31 October 2017: UN Environment (UNEP) released its ‘Emissions Gap Report 2017,’ which argues that governments and non-state actors must increase their ambition to ensure the goals of the Paris Agreement on climate change can be met. In addition, the World Meteorological Organization (WMO) published its annual Greenhouse Gas (GHG) Bulletin, which states that atmospheric CO2 concentrations surged to their highest level in 800,000 years. The two reports were released in advance of the UN Climate Change Conference taking place from 6-17 November in Bonn, Germany.

‘The Emissions Gap Report’ finds that national pledges will only lead to a third of the emission reductions required to be on the least-cost pathway for the goal of staying well below 2°C, noting that “the gap between the reductions needed and the national pledges made in Paris is alarmingly high.” It concludes that full implementation of current Nationally Determined Contributions (NDCs) will likely lead to a temperature increase of at least 3°C by 2100, and recommends that governments increase their ambition when revising their NDCs in 2020.

The report details ways to reduce emissions through expanding mitigation action based on existing options in the agriculture, buildings, energy, forestry, industry and transport sectors. In addition, it addresses other climate forcers that could contribute to emission reductions, such as hydrofluorocarbons (HFCs) through the Kigali Amendment to the Montreal Protocol, and other short-lived climate pollutants (SLCPs) such as black carbon. The report describes how reducing SLCPs would contribute to the Sustainable Development Goals (SDGs), including SDG 3 (good health and well-being), SDG 7 (affordable and clean energy) and SDG 11 (sustainable cities and communities), among others.

The WMO GHG Bulletin indicates that atmospheric change is happening 10 to 20 times faster than ever before, and that the last time the Earth experienced a such high atmospheric concentrations of CO2 was 3-5 million years ago.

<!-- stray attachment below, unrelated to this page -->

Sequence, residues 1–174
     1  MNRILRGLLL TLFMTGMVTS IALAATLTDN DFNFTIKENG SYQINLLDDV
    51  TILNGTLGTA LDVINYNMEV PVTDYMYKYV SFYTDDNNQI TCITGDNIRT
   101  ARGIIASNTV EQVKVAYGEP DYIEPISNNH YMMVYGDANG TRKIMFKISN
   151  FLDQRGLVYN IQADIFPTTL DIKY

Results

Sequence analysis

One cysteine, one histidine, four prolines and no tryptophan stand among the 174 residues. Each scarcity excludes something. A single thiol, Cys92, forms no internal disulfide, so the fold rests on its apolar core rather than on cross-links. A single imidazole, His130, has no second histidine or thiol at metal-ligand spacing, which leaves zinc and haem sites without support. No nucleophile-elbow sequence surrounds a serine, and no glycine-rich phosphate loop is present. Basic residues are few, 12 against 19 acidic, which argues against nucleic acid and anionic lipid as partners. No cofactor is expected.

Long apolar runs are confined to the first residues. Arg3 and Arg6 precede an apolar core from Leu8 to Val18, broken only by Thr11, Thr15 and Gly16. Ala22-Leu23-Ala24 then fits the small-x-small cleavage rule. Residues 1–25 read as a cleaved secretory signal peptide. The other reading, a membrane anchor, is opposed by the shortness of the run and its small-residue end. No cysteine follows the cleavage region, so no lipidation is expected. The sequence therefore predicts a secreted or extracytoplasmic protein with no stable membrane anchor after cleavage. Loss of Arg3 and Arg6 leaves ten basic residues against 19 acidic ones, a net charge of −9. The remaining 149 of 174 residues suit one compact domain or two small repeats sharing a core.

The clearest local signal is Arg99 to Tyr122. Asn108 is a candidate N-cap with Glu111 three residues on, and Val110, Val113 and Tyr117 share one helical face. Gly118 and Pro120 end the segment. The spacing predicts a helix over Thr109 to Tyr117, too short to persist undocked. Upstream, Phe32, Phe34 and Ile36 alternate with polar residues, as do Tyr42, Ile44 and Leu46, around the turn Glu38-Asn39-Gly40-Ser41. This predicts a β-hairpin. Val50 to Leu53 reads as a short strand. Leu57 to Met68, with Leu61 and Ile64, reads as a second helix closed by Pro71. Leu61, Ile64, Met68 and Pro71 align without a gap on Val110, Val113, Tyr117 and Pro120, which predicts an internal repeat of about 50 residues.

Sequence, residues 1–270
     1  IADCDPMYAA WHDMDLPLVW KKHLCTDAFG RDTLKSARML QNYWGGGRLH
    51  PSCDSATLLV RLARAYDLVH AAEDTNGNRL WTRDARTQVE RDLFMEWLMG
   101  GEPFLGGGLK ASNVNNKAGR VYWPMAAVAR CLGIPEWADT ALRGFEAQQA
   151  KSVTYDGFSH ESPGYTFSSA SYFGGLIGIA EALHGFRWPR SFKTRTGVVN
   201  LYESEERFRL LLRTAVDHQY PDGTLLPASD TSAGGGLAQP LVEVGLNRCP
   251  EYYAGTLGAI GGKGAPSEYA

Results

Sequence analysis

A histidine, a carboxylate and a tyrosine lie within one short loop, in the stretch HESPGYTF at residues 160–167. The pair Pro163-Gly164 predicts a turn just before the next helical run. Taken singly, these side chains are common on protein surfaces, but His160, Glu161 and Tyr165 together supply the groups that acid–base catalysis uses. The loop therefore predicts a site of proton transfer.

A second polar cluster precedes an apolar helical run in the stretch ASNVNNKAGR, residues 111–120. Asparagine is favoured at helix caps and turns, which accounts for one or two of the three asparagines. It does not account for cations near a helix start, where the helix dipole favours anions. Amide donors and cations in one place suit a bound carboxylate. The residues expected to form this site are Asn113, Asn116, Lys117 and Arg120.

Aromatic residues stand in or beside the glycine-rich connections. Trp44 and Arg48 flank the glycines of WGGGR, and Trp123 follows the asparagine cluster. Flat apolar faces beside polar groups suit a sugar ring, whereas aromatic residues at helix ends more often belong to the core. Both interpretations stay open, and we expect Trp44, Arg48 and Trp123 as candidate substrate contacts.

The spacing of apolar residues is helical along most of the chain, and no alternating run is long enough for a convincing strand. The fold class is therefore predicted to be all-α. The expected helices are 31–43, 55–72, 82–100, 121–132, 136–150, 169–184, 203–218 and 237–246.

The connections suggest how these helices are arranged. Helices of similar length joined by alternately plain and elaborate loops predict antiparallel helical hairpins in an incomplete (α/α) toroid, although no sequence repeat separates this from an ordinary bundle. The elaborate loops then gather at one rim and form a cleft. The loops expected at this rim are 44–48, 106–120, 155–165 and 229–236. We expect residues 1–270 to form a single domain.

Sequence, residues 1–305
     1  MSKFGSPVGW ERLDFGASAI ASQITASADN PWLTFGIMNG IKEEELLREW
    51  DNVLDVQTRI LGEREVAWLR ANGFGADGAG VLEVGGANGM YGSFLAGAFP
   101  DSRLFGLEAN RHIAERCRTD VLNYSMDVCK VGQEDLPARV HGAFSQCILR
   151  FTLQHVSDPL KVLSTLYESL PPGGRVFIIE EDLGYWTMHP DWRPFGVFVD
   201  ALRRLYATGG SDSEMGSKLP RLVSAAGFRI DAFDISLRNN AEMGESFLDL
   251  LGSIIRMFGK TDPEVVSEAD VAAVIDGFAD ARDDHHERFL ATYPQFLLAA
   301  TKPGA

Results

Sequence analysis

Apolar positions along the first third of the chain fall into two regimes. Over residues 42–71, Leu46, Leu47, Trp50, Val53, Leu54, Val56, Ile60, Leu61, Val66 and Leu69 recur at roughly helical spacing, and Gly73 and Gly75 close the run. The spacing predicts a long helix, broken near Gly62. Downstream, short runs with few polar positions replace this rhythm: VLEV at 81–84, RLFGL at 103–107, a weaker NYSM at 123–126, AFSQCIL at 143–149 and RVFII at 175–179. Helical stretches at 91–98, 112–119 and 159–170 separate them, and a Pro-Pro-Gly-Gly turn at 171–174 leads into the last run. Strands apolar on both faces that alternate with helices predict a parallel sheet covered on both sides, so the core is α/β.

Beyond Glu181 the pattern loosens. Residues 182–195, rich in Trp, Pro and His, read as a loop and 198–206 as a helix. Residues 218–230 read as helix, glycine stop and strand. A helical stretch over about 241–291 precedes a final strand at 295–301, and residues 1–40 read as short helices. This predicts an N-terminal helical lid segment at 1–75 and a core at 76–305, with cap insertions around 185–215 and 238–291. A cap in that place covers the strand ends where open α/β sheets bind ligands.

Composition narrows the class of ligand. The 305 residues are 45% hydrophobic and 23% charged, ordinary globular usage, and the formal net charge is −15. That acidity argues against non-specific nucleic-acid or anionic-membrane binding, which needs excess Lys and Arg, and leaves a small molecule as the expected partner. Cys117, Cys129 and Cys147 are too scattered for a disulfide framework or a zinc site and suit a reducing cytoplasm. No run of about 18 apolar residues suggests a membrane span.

The report emphasizes that investing in technology is crucial, and notes that investment in solar and wind energy, efficient appliances and cars, and afforestation could cut up to 22 gigatonnes of carbon dioxide equivalent (GtCO2e) by 2030, which would make the 2°C target attainable. The report also explains that, while CO2 emissions have remained stable since 2014, driven in part by renewable energy use in China and India, other GHGs, such as methane, are still on the rise, and increased global economic growth could return CO2 emissions to an upward trajectory.

The report states that actions by non-state and sub-national bodies could reduce the 2030 emissions gap, with the world’s 100 largest emitting publicly-traded companies, for example, accounting for 25% of global GHG emissions. The report recommends avoiding new coal-fired power plants and phasing out existing plants. It also lays out options related to negative emissions technologies, including those that remove CO2 from the atmosphere through afforestation, reforestation, forest management, restoration of degraded lands and soil carbon enhancement. [Emissions Gap Report 2017: A UN Environment Synthesis Report] [Emissions Gap Report Landing Page] [UN Environment Press Release] [UNFCCC Press Release]

Released the day before the launch of the ‘Emissions Gap Report,’ WMO’s annual GHG Bulletin points to unprecedented abrupt changes in the atmosphere over the past 70 years. It explains that CO2 concentrations reached 403.3 parts per million (ppm) in 2016, up from 400 ppm in 2015, due to human activities and a strong El Niño event in 2016, and are now 145% of preindustrial levels. The report indicates that atmospheric change is happening 10 to 20 times faster than ever before, and that the last time the Earth experienced a such high atmospheric concentrations of CO2 was 3-5 million years ago.

The report warns that such rapidly increasing atmospheric levels of CO2 and other GHGs could lead to unprecedented changes in the climate system and “severe ecological and economic disruptions.” According the report, atmospheric methane (CH4) concentrations reached a new high in 2016 at 1,853 parts per billion (ppb) and are now 257% of preindustrial levels, while nitrous oxide (N2O) concentrations in 2016 were 328.9 ppb, or 122% of preindustrial levels.

The WMO GHG Bulletin is based on observations from the WMO Global Atmosphere Watch Programme. [WMO GHG Bulletin] [WMO Press Release] [UNFCCC Press Release] [UN Blog Post]